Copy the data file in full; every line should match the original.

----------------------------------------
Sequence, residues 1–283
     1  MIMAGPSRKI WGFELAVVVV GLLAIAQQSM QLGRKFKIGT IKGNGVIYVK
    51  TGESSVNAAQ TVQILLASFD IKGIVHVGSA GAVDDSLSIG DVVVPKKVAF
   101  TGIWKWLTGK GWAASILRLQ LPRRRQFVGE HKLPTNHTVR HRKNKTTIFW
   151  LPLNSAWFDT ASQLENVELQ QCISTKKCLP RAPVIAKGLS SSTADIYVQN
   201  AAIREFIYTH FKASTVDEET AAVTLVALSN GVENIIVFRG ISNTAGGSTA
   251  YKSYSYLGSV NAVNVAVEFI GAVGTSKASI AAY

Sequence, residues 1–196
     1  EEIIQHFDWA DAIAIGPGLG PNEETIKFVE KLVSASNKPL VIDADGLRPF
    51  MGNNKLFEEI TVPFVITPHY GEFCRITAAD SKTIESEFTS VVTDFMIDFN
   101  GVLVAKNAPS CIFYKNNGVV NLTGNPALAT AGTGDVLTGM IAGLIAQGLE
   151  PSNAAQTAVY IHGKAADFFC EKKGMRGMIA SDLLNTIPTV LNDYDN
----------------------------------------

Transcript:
Sequence, residues 1–283
     1  MIMAGPSRKI WGFELAVVVV GLLAIAQQSM QLGRKFKIGT IKGNGVIYVK
    51  TGESSVNAAQ TVQILLASFD IKGIVHVGSA GAVDDSLSIG DVVVPKKVAF
   101  TGIWKWLTGK GWAASILRLQ LPRRRQFVGE HKLPTNHTVR HRKNKTTIFW
   151  LPLNSAWFDT ASQLENVELQ QCISTKKCLP RAPVIAKGLS SSTADIYVQN
   201  AAIREFIYTH FKASTVDEET AAVTLVALSN GVENIIVFRG ISNTAGGSTA
   251  YKSYSYLGSV NAVNVAVEFI GAVGTSKASI AAY

Sequence, residues 1–196
     1  EEIIQHFDWA DAIAIGPGLG PNEETIKFVE KLVSASNKPL VIDADGLRPF
    51  MGNNKLFEEI TVPFVITPHY GEFCRITAAD SKTIESEFTS VVTDFMIDFN
   101  GVLVAKNAPS CIFYKNNGVV NLTGNPALAT AGTGDVLTGM IAGLIAQGLE
   151  PSNAAQTAVY IHGKAADFFC EKKGMRGMIA SDLLNTIPTV LNDYDN